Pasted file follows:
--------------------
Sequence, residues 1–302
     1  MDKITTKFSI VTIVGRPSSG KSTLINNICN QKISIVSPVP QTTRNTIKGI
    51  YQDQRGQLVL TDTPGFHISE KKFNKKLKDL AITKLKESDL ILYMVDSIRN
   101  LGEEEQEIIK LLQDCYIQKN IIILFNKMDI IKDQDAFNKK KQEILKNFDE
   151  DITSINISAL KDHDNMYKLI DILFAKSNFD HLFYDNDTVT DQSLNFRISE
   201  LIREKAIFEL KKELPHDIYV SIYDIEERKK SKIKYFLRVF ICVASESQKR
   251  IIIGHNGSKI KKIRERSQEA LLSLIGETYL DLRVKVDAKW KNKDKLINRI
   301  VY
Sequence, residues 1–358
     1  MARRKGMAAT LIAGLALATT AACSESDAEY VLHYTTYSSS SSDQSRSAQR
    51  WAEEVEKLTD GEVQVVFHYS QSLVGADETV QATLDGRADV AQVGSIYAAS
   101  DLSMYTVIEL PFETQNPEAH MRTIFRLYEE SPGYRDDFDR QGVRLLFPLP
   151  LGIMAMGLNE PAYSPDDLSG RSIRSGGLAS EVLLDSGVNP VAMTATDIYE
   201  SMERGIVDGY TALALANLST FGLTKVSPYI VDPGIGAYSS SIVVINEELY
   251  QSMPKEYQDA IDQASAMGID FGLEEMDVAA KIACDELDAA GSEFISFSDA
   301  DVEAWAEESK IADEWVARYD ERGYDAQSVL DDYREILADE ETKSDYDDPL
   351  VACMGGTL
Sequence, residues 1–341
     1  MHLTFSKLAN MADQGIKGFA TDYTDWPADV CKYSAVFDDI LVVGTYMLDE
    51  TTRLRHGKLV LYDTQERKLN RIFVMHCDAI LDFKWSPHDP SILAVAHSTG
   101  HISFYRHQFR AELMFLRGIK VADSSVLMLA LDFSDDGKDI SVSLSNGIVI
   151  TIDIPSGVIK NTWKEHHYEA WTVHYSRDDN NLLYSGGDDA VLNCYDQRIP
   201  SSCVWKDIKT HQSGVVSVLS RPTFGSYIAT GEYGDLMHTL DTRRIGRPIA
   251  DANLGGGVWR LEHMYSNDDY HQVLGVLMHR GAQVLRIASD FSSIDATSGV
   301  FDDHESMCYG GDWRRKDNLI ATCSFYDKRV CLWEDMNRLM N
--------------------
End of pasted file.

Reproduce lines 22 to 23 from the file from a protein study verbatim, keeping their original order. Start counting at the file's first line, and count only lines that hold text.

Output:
   151  TIDIPSGVIK NTWKEHHYEA WTVHYSRDDN NLLYSGGDDA VLNCYDQRIP
   201  SSCVWKDIKT HQSGVVSVLS RPTFGSYIAT GEYGDLMHTL DTRRIGRPIA